Tuesday, November 24, 2009

Durham Earns Its Stripes!

Durham is the unidentified showcase in new print ads and videos by the NC Division of Tourism, Sports and Film Development.

Here is why this is such a milestone.

When Durham first jumpstarted DCVB as its marketing agency, two of its first challenges were to get on the radar and scrub up the Durham identity within our own state’s tourism organizations including what was then the North Carolina Division of Tourism.

With no Durham gatekeeper, quite often Durham was not listed at all or Durham based assets were parceled out to other communities. When Durham was included, the listings were woefully incomplete or out of date. In conversation, the hyphenated airport name was almost always substituted for references to Durham or truncated to just Raleigh. That’s what can happen without good marketing. A community can cease to exist or have its brand violated.

It was common to be in direct conversation with Division staffers in those days and have them refer to “flying into Raleigh” or “here in Raleigh (when we were actually in Durham or Charlotte, etc.) Even when politely advised to the contrary the misstatements were so ingrained that once was not enough and it took dozens of corrections and dialing it up into a crucial confrontation.

Back then, even with excellent leadership there, there was perceptibly a very Raleigh-centric point of view at the Division although not purposefully exclusive. And outside of Raleigh, it seemed most of the publicity about the State back then centered on the mountains and beaches. Media on press trips often were brought into Raleigh and then taken to Durham features without ever noting the feature wasn’t located in Raleigh and then whisked off to the mountains or coast. It wasn’t grasped that a person might visit Durham itself or wouldn’t stay in Raleigh and then be whisked off to the mountains or beaches.

That North Carolina’s cities were often ignored is especially interesting since 80% of the State’s visitor spending was being generated by the Piedmont region and its city-destinations. In other states in which I had performed destination marketing, there was often a similar centrism, but overall people working for the state went out of their way to avoid giving preference or focus on the state capital because they represented the entire state regardless of where they lived or based.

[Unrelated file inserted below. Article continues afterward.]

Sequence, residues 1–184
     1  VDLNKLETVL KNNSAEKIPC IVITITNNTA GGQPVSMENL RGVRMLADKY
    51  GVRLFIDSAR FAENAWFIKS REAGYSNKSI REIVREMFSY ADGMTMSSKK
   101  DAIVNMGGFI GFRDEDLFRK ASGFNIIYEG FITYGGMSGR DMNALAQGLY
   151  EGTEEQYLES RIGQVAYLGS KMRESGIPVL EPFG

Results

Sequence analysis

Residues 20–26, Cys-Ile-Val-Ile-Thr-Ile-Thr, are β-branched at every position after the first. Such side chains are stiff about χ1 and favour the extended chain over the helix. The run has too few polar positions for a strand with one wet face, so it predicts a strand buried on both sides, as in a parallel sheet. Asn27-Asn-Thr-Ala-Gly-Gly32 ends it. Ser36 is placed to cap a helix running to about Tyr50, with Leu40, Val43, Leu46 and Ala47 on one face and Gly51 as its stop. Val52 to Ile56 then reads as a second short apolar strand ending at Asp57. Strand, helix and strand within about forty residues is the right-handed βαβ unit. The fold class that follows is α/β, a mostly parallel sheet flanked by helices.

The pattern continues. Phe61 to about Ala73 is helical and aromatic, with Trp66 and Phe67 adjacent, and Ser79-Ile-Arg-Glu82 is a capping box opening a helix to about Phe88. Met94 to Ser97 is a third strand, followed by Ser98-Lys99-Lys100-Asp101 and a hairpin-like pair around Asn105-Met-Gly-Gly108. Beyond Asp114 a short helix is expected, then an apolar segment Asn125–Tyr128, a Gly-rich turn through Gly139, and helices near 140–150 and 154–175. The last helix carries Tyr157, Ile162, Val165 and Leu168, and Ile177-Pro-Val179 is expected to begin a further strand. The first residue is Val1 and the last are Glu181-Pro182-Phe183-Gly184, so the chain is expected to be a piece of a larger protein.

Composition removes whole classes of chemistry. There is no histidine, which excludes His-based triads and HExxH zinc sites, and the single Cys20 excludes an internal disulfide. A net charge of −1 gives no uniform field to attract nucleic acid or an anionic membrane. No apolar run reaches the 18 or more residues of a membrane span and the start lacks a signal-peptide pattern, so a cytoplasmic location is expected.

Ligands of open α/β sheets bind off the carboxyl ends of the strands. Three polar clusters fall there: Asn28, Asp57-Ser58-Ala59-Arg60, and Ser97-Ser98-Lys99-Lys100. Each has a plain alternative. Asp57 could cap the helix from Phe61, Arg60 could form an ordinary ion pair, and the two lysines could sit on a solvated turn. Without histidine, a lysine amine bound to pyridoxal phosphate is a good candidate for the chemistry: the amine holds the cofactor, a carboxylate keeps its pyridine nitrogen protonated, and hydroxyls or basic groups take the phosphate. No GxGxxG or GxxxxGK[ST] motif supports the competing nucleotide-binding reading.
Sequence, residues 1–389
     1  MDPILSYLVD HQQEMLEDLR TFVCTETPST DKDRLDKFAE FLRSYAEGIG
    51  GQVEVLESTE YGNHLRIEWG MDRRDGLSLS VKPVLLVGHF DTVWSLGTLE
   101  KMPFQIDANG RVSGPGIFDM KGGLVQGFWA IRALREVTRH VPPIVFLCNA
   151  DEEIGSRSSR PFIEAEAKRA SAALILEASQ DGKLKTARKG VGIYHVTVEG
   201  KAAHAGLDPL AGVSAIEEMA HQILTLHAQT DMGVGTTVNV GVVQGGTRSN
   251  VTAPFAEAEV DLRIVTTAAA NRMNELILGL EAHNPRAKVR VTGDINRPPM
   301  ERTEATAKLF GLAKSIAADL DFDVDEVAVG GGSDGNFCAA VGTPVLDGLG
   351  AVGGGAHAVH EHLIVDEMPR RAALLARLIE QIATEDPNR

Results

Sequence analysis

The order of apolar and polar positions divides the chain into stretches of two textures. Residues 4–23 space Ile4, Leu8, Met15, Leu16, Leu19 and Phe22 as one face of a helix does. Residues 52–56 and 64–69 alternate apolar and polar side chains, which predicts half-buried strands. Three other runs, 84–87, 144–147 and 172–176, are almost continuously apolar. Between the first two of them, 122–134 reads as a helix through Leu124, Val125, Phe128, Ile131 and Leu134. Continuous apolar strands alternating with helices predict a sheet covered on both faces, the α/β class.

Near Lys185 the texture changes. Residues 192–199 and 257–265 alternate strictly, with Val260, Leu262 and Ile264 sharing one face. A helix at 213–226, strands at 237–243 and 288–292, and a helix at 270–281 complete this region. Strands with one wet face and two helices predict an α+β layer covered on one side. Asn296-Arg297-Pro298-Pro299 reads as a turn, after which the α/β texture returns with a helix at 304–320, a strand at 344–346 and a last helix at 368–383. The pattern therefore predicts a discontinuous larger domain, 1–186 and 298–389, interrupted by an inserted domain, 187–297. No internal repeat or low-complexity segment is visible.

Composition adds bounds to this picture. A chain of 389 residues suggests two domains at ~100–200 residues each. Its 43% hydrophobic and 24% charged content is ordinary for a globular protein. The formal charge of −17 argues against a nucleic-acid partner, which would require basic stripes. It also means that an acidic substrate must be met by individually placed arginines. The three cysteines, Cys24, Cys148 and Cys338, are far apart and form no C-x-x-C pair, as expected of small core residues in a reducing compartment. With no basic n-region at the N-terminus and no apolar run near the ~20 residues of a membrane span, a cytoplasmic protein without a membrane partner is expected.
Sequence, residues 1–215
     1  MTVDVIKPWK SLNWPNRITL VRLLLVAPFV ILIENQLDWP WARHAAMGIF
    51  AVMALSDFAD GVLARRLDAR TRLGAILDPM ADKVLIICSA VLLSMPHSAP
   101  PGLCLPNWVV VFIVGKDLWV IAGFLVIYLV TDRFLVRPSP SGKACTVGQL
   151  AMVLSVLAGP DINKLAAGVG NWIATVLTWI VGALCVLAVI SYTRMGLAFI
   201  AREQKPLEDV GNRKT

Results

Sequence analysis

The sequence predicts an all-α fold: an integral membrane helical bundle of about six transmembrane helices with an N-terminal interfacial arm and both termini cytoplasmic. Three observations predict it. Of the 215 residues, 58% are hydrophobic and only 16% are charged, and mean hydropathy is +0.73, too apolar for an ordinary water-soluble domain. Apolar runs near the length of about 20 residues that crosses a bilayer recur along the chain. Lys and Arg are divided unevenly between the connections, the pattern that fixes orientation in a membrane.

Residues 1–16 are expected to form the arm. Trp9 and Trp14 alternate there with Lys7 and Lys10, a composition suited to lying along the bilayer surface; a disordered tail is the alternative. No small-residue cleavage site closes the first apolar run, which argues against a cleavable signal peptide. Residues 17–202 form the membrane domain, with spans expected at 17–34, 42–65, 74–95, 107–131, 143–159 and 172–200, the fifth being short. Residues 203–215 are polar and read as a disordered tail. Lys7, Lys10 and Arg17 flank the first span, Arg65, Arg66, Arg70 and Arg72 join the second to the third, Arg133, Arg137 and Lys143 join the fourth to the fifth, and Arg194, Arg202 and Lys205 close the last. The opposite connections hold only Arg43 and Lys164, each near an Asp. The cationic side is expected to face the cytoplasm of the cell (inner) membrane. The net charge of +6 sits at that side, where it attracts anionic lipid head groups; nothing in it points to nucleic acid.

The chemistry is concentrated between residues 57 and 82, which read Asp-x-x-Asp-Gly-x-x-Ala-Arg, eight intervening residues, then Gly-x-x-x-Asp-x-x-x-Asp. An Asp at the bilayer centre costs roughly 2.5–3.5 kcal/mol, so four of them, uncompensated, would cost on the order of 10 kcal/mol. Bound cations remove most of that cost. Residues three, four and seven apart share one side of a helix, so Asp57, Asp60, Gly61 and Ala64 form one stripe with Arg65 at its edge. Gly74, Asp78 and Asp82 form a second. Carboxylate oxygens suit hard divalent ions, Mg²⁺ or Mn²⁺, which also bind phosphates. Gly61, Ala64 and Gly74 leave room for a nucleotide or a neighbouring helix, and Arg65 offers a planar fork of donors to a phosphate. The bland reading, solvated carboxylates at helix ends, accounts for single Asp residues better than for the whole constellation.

So getting this squared away was a Durham priority. It made no sense to launch promotions for Durham if the State’s information essentially contradicted or neutralized those promotions.

It took a lot of repetition to break those habits and establish Durham as a destination. But what a difference. Particularly in Lynn Minges tenure as Division director, Durham has emerged not only as its own unique destination but one of the State’s most attractive destinations.

Division employees are now often the first to clarify that Raleigh-Durham is an airport--not a place--and it isn’t located in Raleigh.

This year the Division is featuring State ads shot at Brightleaf Square in Durham and video clips feature Durham assets like the African American Dance Ensemble to represent performing arts.

What a difference 20 years makes. Durham has come a long way.

1 comment:

Lynn Minges said...

Nice comments. Durham is truly a very special place with lots to offer visitors to our state. The arts, culture, music, and restaurants in the city are really unique and are attracting national and international acclaim. It is an pleasure to work with Reyn, Shelley, and the entire Durham CVB team.